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The Society of Flavor Chemists Meets at the Chemical Heritage Foundation in Philadelphia

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Highlights from the meeting

  • An exterior view of the CHF in Philadelphia.
  • Ronald Brashear, director of the CHF Othmer Library, described the extensive archives of the contemporary and historical chemical books and documents collection.
  • SFC
    Displays at the CHF museum.
  • Carin Berkowitz, director of the Beckmen Center for the History of Chemistry, presented on the history of flavor science.
  • SFC
    Along with notes from Lavoisier and Newton, the CHF also featured traditional lab equipment (pictured).
  • SFC
    Dr. Jordy Roberts, vice president of the CHF, presented on the history of the CHF and its future.
  • SFC
    A view of the museum.
  • Robert Margolskee, director and president of the Monell Chemical Senses Center, also of Philadelphia, presented on taste and chemical senses research being conducted at the Center.
  • SFC
    The archived collection offers a palpable historical account of flavor science history through original scientist notes, paintings, lab equipment and books.

 

By Shane McDonald, media chair for the Society of Flavor Chemists. Photos courtesy of the Society of Flavor Chemists.

The Society of Flavor Chemists (SFC) celebrated the move of their collection of historic flavor books and articles to the Chemical Heritage Foundation (CHF). The meeting at CHF was in Philadelphia on February 16, 2017, just a block away from the Liberty Bell. There were more than 70 in attendance.

Dr. Jordy Roberts, vice president of the CHF, presented on the history of the CHF and its future. Roberts explained that the organization was started 35 years ago by a group of University of Pennsylvania faculty. It abides by the inspiration: “The Chemical Heritage Foundation is dedicated to explaining a simple truth: science has a past and our future depends on it.”

The CHF has four departments: the Othmer Library of Chemical History, The Eddleman Museum, The Institute for Research, and the Beckman Center for the History of Chemistry. The Foundation also develops outreach to foster dialog between the public and the scientific community.

A Lesson in Flavor History and Innovation

Ronald Brashear, director of the CHF Othmer Library, described the extensive archives of the contemporary and historical chemical books and documents collection. This collection includes: documents by Lavoisier, the father of modern chemistry and illustrations by his wife, who survived her husband’s execution by guillotine. There are handwritten notes by Newton when he was an alchemist, and an early depiction of the periodic chart by Mendeleev. The collection also includes the first drawing of a buckyball.

Behind its main building, the Chemical Heritage Foundation houses an archival storage facility. In the main building, the reading room provides a place where the visitor can examine documents and books reserved by advance notice prior to their visit. The staff at the CHF are working on digitizing all of their collections, including the SFC collection. In the future, the SFC library donation will be searchable as a separate collection in the library. Details on how to search our collection will be provided on the Society’s web page.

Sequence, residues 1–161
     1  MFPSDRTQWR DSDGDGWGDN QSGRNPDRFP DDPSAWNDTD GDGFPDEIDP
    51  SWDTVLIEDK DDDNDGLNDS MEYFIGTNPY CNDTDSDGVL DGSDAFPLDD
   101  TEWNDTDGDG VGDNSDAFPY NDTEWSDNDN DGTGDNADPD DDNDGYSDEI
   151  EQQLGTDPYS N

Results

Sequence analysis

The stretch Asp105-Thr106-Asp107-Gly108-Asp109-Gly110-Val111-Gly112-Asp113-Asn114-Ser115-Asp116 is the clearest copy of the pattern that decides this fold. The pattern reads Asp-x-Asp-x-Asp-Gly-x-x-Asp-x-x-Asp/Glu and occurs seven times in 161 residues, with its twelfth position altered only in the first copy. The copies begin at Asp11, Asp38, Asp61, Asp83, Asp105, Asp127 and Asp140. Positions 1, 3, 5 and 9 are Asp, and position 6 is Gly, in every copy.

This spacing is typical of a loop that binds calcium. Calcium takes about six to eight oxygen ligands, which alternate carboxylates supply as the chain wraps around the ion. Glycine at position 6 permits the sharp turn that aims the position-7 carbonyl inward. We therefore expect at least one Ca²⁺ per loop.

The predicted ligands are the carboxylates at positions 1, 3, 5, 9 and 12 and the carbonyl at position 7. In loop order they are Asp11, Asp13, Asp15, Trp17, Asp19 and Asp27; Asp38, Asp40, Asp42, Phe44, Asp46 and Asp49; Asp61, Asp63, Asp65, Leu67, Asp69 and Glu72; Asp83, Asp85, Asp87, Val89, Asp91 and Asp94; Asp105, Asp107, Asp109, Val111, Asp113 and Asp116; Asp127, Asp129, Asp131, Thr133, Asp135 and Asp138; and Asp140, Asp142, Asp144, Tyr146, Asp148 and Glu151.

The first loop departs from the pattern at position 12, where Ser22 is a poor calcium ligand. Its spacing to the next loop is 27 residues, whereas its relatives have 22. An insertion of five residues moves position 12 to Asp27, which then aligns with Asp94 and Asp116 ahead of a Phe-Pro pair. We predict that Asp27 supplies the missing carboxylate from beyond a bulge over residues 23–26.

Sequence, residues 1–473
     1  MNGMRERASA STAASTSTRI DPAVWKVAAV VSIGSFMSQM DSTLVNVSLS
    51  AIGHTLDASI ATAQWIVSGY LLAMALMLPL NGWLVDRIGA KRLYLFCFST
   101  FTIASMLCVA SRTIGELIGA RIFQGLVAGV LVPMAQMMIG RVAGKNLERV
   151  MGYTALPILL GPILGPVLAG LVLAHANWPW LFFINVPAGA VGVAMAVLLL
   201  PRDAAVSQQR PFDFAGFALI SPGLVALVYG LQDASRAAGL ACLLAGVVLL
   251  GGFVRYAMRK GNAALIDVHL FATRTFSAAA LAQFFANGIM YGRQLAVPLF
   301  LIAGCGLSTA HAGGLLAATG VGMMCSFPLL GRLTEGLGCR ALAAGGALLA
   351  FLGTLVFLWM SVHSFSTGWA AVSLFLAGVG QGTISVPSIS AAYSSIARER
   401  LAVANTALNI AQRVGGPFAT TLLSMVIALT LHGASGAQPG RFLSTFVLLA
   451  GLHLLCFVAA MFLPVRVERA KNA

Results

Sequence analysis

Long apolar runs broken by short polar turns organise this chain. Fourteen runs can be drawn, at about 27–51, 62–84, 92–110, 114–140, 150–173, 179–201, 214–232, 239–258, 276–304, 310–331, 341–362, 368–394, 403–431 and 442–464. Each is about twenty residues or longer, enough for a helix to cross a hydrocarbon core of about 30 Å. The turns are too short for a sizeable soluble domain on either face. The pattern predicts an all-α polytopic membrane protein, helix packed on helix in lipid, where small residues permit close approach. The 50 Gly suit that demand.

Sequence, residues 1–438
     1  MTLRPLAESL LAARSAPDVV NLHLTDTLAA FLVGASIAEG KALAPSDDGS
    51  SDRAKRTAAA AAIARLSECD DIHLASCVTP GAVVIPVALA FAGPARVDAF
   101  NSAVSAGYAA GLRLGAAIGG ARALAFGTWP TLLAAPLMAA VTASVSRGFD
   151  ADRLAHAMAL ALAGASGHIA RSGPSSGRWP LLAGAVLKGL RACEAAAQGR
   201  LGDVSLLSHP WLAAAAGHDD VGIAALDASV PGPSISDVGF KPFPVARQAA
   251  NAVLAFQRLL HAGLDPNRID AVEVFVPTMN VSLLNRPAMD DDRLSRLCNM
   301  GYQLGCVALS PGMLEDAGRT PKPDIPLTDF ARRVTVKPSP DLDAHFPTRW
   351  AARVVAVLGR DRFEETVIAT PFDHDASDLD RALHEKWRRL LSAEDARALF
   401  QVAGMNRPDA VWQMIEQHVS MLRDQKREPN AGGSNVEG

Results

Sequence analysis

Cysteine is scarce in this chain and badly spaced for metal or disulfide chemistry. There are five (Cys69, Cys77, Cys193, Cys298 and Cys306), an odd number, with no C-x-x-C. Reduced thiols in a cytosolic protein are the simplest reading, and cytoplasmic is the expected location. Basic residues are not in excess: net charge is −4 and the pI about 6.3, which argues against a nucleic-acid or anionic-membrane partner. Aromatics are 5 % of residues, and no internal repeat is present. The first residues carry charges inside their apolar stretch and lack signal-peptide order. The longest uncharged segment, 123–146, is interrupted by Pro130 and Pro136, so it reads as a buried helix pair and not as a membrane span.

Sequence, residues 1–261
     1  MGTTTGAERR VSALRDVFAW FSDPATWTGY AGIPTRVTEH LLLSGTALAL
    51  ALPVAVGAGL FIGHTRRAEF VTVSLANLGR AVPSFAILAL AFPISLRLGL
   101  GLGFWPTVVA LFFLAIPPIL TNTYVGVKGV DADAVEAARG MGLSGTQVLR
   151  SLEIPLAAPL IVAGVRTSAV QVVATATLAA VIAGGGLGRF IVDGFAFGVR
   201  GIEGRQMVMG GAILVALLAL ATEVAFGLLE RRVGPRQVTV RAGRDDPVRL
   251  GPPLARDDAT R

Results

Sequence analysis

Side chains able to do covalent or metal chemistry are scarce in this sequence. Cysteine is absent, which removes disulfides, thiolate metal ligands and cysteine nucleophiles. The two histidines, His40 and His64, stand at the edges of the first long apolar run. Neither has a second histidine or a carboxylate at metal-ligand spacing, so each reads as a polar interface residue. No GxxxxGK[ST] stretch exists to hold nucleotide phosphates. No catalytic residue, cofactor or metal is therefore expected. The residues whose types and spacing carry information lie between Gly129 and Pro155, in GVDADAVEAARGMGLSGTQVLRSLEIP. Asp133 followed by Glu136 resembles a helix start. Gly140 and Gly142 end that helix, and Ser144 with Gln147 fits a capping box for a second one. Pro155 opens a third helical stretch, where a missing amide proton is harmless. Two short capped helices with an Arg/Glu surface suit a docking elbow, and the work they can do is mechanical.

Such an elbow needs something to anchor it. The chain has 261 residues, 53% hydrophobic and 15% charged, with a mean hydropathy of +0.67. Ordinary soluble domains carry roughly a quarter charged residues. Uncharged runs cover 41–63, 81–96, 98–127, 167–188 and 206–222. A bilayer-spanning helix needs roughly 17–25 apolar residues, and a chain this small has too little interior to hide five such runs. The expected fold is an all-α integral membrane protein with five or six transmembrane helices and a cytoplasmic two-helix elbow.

Carin Berkowitz, director of the Beckmen Center for the History of Chemistry, presented on the history of flavor science. Berkowitz explained that flavor chemistry took off with the development of packaged foods that were to be sold globally and needed to be shelf-stable with consistent flavor. The Beckmen Center attracts scholars from around the world who need to utilize the extensive resources available at the CHF to support their research.

Robert Margolskee, director and president of the Monell Chemical Senses Center, also of Philadelphia, presented on taste and chemical senses research being conducted at the Center. He described the discoveries on the taste of sweetness. He also explained that the goal of these studies is to use the research findings to aid in the fight against global epidemics of obesity, diabetes, and cardiovascular disease.

Gary Beauchamp, Emeritus director of Monell, presented on the use of body odor in detecting disease. Beauchamp explained that many animals give off volatile aroma compounds when sick or diseased. Monell’s work involves identifying these odors and causative compounds, and developing methods for detecting them. He continued to explain that dogs that have been trained to identify odors through sniffing, could detect the odor of birds infected with avian flu that are part of a large flock. Dogs have also been able to detect signs of ovarian cancer in blood plasma. Eventually it is hoped that an “electronic nose” will be developed to use for rapid diagnosis of certain diseases.

After the presentations, the attendees were invited to attend a cocktail reception and tour the Eddleman Museum. The museum contains interesting documents and historic laboratory equipment. It was designed as a public face for the CHL and takes full advantage of being located in close proximity of Independence Hall.

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